Odds of Brexit Deal Rise as 2 Most Recent UK Polls Show Lib Dems vs Labour Split
Two UK political parties provide a clear choice.
- Brexit Party: Nigel Farage wants to Leave with No Deal
- Liberal Democrats: Jo Swinson wants to Remain with No Referendum by Canceling Article 50
- Tory: Boris Johnson says he wants a deal but is prepared to walk away.
- Labour: Jeremy Corbyn proposes to negotiate a "Soft Brexit" then allow a referendum on it.
The National Review describes Jeremy Corbyn’s Incoherent Brexit Politics
Corbyn’s policy is that, if elected, he would begin renegotiating a softened Brexit withdrawal agreement with the EU, perhaps considering a customs union, that he claims would be much better than the current one, or anything Johnson can put together. Once he got 27 nations of the EU to agree to this, he would turn around and hold another divisive national referendum, giving the people a final say on it. The two options would be the Corbyn “Remain Lite” deal or simply remaining in the European Union. Corbyn wouldn’t campaign either way, and likely wouldn’t oblige his party to campaign for the deal that he’d negotiated on their behalf.
Inconsistency helped topple Prime Minister Theresa May but Corbyn's stance now serves only to wreck Labour.
It also does a hard split of the Remain voters.
Corbyn's Approval Rating Lowest of Any Opposition Leader Since 1977
Jeremy Corbyn has received the lowest leadership satisfaction rating for any opposition leader, with a whopping 76 percent of Britons revealing they are dissatisfied with the way is doing his job. Just 16 percent said they were satisfied, according to an Ipsos MORI poll published today. Even 41 percent of Labour party supporters said they were dissatisfied with Mr Corbyn’s leadership, compared to 51 percent who say they are satisfied.
Not an Option: Really?
As recent as late August, the EU insisted renegotiation of the backstop was impossible.
Juncker Prepared to Dump the Backstop
Not Juncker's Decision
Bear in mind this is not Juncker's decision. Every EU nation must agree.
Perhaps France doesn't. But perhaps France will not grant another extension either!
Benn Emergency Legislation
The Benn ploy that made its way through the UK parliament in sham "emergency" legislation requires Johnson to ask for an extension, even specifying the language.
However, The UK cannot force the EU to grant one.
And as I have pointed out before, never underestimate what a determined PM can do and how hard it is to force the PM's hand, even when the PM is an unloved minority.
Extension for What Purpose?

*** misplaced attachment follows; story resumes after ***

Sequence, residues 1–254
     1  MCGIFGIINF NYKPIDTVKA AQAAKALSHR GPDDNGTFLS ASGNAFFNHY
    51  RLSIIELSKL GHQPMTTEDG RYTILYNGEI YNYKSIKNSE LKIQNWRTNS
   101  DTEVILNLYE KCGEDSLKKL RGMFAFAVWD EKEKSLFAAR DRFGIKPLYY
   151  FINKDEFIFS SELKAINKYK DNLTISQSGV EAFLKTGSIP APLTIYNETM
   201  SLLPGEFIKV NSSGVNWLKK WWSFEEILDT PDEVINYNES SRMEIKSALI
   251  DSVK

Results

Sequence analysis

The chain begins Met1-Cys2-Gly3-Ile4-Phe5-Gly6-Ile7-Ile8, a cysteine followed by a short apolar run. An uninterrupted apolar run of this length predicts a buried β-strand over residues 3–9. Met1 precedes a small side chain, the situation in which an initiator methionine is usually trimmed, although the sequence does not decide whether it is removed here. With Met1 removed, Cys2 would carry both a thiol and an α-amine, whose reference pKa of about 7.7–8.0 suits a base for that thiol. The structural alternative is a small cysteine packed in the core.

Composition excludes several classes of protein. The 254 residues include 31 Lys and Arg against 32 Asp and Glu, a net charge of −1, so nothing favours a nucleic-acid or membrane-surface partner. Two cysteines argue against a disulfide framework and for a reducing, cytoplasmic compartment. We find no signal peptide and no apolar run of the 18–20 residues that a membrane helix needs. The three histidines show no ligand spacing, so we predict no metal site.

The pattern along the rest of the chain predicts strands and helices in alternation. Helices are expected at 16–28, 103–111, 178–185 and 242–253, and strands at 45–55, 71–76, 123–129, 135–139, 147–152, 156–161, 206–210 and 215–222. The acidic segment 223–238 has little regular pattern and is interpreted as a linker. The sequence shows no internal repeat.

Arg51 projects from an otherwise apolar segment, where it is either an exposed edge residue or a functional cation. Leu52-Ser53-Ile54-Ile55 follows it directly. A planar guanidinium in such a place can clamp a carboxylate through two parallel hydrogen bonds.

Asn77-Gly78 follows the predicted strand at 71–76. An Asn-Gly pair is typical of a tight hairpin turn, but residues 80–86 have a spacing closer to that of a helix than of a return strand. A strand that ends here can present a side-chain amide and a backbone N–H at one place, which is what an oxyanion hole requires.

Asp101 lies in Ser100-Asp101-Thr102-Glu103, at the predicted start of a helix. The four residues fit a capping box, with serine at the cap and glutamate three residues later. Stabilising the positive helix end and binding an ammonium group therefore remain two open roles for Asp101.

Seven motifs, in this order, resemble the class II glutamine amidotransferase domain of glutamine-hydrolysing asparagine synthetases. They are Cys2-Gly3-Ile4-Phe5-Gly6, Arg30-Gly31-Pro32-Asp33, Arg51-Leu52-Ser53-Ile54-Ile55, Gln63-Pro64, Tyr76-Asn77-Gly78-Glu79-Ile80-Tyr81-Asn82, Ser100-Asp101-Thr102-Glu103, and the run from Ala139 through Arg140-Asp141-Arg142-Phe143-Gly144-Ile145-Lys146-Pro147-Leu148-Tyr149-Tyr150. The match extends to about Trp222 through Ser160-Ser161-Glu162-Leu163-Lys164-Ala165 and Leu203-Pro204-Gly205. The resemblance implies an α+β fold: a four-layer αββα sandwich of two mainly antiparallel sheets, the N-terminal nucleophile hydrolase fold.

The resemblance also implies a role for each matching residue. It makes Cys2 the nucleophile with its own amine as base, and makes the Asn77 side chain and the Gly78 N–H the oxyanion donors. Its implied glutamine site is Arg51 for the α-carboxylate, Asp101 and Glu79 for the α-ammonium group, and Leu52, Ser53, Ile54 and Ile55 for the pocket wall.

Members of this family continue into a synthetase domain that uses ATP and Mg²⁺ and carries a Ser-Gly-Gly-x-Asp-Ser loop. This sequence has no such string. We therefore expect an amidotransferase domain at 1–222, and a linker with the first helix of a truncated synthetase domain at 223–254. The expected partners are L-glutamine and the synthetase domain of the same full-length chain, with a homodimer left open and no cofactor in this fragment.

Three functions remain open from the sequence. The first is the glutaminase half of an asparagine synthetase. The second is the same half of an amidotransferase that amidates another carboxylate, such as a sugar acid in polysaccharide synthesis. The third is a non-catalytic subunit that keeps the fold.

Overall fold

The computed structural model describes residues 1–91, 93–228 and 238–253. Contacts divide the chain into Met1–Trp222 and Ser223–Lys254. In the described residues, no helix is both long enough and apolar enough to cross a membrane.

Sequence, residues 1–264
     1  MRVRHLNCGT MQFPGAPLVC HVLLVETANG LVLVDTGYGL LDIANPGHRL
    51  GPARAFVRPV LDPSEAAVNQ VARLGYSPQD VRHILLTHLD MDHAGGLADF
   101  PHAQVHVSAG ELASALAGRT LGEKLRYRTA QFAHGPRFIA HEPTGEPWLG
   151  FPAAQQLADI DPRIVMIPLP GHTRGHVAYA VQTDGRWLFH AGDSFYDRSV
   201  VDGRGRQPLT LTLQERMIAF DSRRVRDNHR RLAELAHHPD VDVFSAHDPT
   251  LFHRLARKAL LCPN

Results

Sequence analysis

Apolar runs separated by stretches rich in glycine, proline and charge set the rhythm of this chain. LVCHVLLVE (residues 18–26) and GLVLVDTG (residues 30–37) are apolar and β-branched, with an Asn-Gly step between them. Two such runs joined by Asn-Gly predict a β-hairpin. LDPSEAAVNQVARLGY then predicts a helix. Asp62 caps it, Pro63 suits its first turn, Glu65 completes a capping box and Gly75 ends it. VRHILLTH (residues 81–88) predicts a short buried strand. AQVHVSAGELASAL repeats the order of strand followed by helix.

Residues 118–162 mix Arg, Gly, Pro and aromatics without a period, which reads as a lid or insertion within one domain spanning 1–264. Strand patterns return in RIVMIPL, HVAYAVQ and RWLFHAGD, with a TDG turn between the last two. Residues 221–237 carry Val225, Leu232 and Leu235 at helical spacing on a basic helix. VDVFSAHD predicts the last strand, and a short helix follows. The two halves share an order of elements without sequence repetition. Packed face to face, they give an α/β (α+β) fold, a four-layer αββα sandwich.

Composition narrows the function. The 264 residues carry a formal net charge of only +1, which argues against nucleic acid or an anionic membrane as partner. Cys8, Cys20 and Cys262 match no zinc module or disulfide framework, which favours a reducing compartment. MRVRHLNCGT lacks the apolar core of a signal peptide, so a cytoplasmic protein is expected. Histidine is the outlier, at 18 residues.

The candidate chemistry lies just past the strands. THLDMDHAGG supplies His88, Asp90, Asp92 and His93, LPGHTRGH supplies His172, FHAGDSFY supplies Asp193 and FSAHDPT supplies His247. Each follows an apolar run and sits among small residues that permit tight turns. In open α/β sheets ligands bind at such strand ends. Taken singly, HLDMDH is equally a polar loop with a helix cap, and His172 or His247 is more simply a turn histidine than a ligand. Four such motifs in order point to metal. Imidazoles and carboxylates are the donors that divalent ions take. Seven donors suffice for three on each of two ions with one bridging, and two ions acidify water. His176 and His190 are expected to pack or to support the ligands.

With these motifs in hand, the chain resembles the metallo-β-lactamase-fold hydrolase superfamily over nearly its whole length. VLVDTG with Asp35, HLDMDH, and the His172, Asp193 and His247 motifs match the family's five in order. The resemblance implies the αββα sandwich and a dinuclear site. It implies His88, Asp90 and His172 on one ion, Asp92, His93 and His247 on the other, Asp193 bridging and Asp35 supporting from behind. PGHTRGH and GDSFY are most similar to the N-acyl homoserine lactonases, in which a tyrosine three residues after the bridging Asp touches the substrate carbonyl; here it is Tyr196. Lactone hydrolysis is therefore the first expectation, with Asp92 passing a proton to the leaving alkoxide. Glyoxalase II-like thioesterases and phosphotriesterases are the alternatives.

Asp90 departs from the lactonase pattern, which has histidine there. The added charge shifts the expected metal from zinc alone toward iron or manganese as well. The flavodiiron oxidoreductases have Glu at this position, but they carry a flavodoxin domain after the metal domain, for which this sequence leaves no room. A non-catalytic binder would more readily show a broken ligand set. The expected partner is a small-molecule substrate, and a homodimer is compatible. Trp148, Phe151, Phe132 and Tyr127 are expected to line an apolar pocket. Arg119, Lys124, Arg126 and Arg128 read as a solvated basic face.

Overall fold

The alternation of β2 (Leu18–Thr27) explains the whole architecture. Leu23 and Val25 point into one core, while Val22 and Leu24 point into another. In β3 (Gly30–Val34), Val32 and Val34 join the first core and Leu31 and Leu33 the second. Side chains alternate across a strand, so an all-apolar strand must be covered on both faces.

Say the EU grants an extension. What purpose would it serve?
Boris Johnson is a clear favorite to win the next election.
Even if by some miracle Corbyn won, there will still not be any resolution as Corbyn then proposes to negotiate a new deal with the EU, then offer a People's Choice vote on that deal.
Why would the EU elect to voluntarily march down that path?
Thus we arrive at the correct conclusion as I commented Friday morning.
EU Ready to Deal
The fact that the Remain vote is hopelessly split while the Tories are likely to pick up many if not most of the Brexit Party votes is one of the factors influencing the EU.
Hardly anything happens in the EU except at the last moment when deals appear out of nowhere. This happened most recently with furious infighting of president of the European Council and head of the European Parliament.
As I stated all along, the EU's seemingly hard stance "we will not negotiate the backstop", would not stand the test of time if ever it appeared the UK really would walk away.
That is precisely what happened.
Theresa May only had a coalition because of 10 DUP seats.
Still, it will be difficult for Johnson to dump DUP even though 10 votes don't mean what they used to.
However, once DUP shifted it stance, Ireland was prepared to shift its stance.
The Guardian reports Arlene Foster Signals DUP Shift on Northern Ireland Border Issue.
The Democratic Unionist party’s leader, Arlene Foster, has signalled it is ready to do a Brexit deal, indicating for the first time a willingness to accept a bespoke solution for Northern Ireland.
She was speaking just hours before she held an “unplanned” meeting with the Irish taoiseach, Leo Varadkar, amid signs of a Brexit thaw between Belfast and Dublin.